Tony Hoagland’s “In a Quiet Town by the Sea,” an astonishing writing on humankind’s greatest and most infamous sin, provides excellent resource for epitomizing what a modern poem should be. More testimonial than literary, Hoagland is intent on keeping the focus as clear and precise as need be, determining the desires of man come directly from thought and not the lack of an experience or situation. The poem itself is a fresh blend of classic poetic devices and methods, each executed perfectly within its stanza and used in a way to create impactful and lasting effect.
It is a rather painful thing, infidelity is, as Hoagland himself states at the very closing of the poem how “there was no one sleeping who did not dream of being touched.” It was not narrated as a simple fact or observation, but the news was “distressing to report.” The thought of giving and receiving love- a natural and desired human necessity—can be an overwhelming one, especially considering each individual’s morales, marital status, age, intentions, etc. It has therefore no longer become a Disney story of the desire of love, but a stressing atmosphere of the unknown sought by all in a relatively conservative, typical town, as supported by the title.
A clear cut example from the text, “the other guy said that the stink from secrets in a marriage/was like the smell of decomposing flesh/rising from under the foundation of your house,” shows how infidelity results in the death of more than just your marriage. It destroys an entire community in your household. It not only brings about the demise of your relationship, it dethrones the very foundations of your house. A close and loving family is at the center of that foundation. Without it, the house is unsupported. It becomes weak and susceptible to damage. Hoagland here stresses the importance of a strong family connection- and the effect cheating can have on more than just your spouse.
An interesting line found later in the poem, “and there was something so typical about these guys/with their alcohol and self-glorifying memories,/their longing to conquer the world/and yet to still be coddled by their mommy-wives,” provides valuable and thoughtful insight on the character of men. The desires and deeds of men, their longing to conquer the world and talks of bragging and honor and achievements, are long overshadowed by their constant and consistent need for a woman, their wife who acts as their mother, to support them and guide them. Even in talks of “[messing] around” with friends and drinks, admitting one’s fantasy containing the removal of a stranger’s clothes, even with the presence of a wife and foundation of a house in the back of their mind, they are reliant on a woman—in this case a stranger or prostitute (or both)—to fulfill their needs. A man cannot be a man without a woman, whether in marriage, love, or infidelity.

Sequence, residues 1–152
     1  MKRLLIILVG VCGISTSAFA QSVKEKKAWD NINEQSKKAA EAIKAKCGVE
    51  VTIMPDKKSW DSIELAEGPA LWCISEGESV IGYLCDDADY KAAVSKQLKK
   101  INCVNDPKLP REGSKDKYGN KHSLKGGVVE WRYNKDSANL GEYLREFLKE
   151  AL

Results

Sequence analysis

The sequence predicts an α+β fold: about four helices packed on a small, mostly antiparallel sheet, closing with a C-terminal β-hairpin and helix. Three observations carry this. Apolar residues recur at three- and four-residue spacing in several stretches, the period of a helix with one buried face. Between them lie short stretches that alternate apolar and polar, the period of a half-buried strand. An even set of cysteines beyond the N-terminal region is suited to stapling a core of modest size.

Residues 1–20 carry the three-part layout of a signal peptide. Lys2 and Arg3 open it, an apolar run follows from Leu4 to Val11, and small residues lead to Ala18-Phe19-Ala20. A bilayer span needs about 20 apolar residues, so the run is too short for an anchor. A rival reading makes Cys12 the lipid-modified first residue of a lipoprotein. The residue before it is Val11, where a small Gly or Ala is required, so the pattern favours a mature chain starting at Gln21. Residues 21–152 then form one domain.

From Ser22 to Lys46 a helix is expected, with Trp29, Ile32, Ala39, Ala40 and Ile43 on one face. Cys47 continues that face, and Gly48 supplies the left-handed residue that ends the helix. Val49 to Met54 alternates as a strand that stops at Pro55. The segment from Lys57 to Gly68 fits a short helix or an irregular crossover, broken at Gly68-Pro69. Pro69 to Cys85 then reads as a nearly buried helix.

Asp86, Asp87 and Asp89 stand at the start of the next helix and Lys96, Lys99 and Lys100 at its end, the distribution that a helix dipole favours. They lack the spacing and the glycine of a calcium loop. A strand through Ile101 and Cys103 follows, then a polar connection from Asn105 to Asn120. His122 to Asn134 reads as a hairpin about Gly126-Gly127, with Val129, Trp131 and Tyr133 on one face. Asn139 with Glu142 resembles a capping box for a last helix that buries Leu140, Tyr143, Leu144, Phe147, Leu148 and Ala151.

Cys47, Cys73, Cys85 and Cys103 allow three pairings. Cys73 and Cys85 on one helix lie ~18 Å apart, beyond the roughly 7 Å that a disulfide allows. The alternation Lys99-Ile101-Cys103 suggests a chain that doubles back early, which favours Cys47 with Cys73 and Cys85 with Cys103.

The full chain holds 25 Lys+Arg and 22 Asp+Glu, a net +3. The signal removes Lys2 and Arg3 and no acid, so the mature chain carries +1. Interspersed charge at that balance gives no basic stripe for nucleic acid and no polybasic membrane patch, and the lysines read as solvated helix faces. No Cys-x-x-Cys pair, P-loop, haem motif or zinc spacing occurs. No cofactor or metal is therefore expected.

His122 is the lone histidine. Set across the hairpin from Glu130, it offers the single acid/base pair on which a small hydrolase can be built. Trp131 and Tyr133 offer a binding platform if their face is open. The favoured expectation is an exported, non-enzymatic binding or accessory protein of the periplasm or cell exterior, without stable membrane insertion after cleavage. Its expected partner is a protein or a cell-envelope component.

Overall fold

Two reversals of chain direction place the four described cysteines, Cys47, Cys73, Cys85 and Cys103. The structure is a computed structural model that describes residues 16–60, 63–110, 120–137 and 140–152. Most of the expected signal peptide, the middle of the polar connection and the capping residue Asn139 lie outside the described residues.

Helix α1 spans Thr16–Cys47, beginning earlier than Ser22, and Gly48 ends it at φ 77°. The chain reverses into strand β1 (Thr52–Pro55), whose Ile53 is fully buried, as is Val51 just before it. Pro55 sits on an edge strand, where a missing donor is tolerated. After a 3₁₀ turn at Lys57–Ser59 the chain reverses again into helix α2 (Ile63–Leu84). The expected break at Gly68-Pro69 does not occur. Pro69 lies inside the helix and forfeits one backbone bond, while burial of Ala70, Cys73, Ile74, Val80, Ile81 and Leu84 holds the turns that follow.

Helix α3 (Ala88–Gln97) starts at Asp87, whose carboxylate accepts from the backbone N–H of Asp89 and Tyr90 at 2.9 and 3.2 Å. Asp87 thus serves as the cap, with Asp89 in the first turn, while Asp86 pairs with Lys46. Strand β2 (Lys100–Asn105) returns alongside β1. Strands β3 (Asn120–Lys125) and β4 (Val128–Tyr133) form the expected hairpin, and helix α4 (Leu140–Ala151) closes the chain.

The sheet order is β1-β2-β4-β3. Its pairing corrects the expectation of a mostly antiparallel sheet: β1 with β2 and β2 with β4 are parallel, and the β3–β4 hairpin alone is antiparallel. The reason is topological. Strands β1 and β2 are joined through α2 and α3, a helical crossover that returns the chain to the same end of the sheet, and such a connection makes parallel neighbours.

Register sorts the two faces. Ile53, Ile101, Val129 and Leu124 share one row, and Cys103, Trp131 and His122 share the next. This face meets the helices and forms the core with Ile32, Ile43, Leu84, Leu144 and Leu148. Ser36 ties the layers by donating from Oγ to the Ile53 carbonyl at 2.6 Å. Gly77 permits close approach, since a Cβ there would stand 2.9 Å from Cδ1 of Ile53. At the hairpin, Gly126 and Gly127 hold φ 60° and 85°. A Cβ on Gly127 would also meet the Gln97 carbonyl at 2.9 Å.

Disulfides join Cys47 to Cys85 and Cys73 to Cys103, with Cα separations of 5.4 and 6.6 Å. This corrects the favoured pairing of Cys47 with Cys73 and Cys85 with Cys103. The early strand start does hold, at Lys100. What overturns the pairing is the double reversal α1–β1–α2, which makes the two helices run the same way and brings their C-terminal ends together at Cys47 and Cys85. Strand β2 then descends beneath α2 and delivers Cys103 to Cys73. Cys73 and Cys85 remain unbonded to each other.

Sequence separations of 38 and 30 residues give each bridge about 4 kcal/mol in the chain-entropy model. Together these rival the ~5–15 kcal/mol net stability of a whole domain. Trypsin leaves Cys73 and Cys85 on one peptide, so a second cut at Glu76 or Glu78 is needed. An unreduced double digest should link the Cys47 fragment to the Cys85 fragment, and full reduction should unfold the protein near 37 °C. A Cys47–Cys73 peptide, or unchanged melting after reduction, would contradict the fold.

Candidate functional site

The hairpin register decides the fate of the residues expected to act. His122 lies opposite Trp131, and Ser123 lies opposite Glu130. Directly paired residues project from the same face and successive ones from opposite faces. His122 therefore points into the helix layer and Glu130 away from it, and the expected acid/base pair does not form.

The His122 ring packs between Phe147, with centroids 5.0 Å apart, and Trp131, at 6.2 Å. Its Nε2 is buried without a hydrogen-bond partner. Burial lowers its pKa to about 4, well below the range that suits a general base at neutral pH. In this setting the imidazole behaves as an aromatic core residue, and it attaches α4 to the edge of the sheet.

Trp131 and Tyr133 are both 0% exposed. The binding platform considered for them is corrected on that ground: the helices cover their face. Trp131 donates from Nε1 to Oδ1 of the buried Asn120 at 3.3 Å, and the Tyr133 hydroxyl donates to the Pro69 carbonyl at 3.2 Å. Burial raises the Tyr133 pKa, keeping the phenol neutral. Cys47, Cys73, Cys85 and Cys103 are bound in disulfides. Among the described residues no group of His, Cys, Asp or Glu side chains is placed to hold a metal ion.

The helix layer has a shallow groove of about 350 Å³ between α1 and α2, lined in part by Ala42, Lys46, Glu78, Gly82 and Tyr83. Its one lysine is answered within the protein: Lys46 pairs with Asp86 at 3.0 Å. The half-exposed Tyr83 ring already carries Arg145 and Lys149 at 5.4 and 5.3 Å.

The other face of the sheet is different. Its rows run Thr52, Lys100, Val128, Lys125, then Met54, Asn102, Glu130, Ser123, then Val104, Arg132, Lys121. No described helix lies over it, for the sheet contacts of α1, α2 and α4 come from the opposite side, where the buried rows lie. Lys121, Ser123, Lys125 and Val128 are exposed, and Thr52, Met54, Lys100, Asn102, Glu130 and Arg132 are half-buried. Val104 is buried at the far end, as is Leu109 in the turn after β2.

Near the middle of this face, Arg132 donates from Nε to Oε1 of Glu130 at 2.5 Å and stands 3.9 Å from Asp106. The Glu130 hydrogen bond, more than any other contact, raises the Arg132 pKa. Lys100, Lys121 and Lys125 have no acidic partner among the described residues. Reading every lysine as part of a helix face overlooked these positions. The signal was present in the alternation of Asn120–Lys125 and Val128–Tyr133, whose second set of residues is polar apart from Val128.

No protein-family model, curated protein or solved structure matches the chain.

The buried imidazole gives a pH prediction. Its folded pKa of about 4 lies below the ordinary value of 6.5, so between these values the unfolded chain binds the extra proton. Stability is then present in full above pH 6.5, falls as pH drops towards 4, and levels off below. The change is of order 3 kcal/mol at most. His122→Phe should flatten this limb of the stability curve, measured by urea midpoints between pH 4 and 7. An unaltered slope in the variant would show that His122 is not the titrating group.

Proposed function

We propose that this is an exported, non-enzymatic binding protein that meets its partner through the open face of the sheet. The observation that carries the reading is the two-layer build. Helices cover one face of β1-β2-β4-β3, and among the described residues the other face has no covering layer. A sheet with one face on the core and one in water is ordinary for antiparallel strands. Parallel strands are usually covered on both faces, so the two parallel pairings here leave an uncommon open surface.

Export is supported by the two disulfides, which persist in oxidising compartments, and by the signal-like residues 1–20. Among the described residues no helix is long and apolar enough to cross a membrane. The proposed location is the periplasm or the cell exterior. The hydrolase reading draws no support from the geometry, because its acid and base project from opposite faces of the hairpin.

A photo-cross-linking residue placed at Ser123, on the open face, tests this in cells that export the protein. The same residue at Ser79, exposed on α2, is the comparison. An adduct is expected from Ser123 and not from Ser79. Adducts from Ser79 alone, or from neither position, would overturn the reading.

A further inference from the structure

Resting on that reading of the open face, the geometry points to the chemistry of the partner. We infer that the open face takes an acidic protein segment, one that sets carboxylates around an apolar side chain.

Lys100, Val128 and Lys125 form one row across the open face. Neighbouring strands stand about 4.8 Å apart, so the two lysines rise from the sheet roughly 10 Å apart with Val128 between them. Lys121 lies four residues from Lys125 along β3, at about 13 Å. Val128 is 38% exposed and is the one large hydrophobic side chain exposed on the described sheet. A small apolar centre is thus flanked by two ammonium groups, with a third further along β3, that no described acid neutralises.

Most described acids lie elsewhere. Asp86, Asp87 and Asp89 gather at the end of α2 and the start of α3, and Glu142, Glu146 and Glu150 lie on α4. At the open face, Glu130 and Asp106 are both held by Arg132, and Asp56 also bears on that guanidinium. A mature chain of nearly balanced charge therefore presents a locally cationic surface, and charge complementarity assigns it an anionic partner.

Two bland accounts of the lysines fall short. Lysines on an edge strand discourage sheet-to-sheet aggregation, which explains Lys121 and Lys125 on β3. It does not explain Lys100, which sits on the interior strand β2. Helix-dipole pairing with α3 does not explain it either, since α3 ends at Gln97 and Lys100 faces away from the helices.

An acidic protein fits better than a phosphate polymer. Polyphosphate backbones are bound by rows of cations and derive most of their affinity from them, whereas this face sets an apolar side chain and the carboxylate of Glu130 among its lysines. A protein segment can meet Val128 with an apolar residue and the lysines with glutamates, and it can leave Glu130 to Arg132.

Hoagland continues with a brief description of the town’s setting, capturing a haunting reflection of a so-called innocent town by the sea. “Outside the moon gazed upon the earth with wary ardor;/the church cast its shadow upon the plaza/like a triangle and square/in a troubling geometry problem.” The influence of dreaming of another’s touch has slowly left out what other’s believe is more important: religion. Instead of focusing on following the acts of God, or doing what is to be done and picturing the greater good, the people of this town are too caught up loathing in their greedy fantasies of lust and love. The church itself has become merely a shadow upon the town, and struggles to find relevancy and belonging now that it has become a symbol to the people.
As I analyze and dwelve further into the lines of this poem, I cannot help but to imagine my father’s church, the church right beside my house and my High School, and picture it’s shadow over the quiet town of Darien. As I remember the words of final phrase, it makes me shudder knowing how relevant and truthful Tony Hoagland’s words are, even here in Connecticut and in 2017. It is true, how we as humans are often caught up in the wrong idea. It is honest, to make mistakes that we sometimes regret. It is natural, to want to feel one’s sensual touch, even if it means cheating or from one who sells their body. The loudest note, the most iconic and influential and God knows how important phrase, is: love someone who makes you feel as though you are loved.
Love is a basic and understanding right. It is taught at a young age, experienced at a young age, and has influenced relationships, music, ethics, decisions, trade, and language for ages. It is meant for all but not felt by all. It is meant to be shared but is sometimes hoarded. The phrase “love is simple, love is kind” that hangs on my bathroom wall is utter ridiculousness. Love is challenging. Love invites you to travel down a long and winding road. There is little room for mistakes or self doubt or hate. It is sometimes scary, but often rewarding. However, the two men “[messing] around” in the poem are not discussing about love. They are discussing about a possibility to experience something they have not. They have both experienced love well enough to know what they are conversing about is not love. It is the exact opposite. Desire to remove the clothes of a sexualized stranger, as told by one of the men, is not a form of love, or even “making love.” It is in fact nowhere near the same realm of what makes true love so powerful and present. What makes it so distressing to report is the entire town—you, me, everyone you know—has dreamed of this fake love. It has consumed the entire town by the sea, and the waves have swallowed what was once sincere and direct. What remains is not love, but “writing your name in cement.”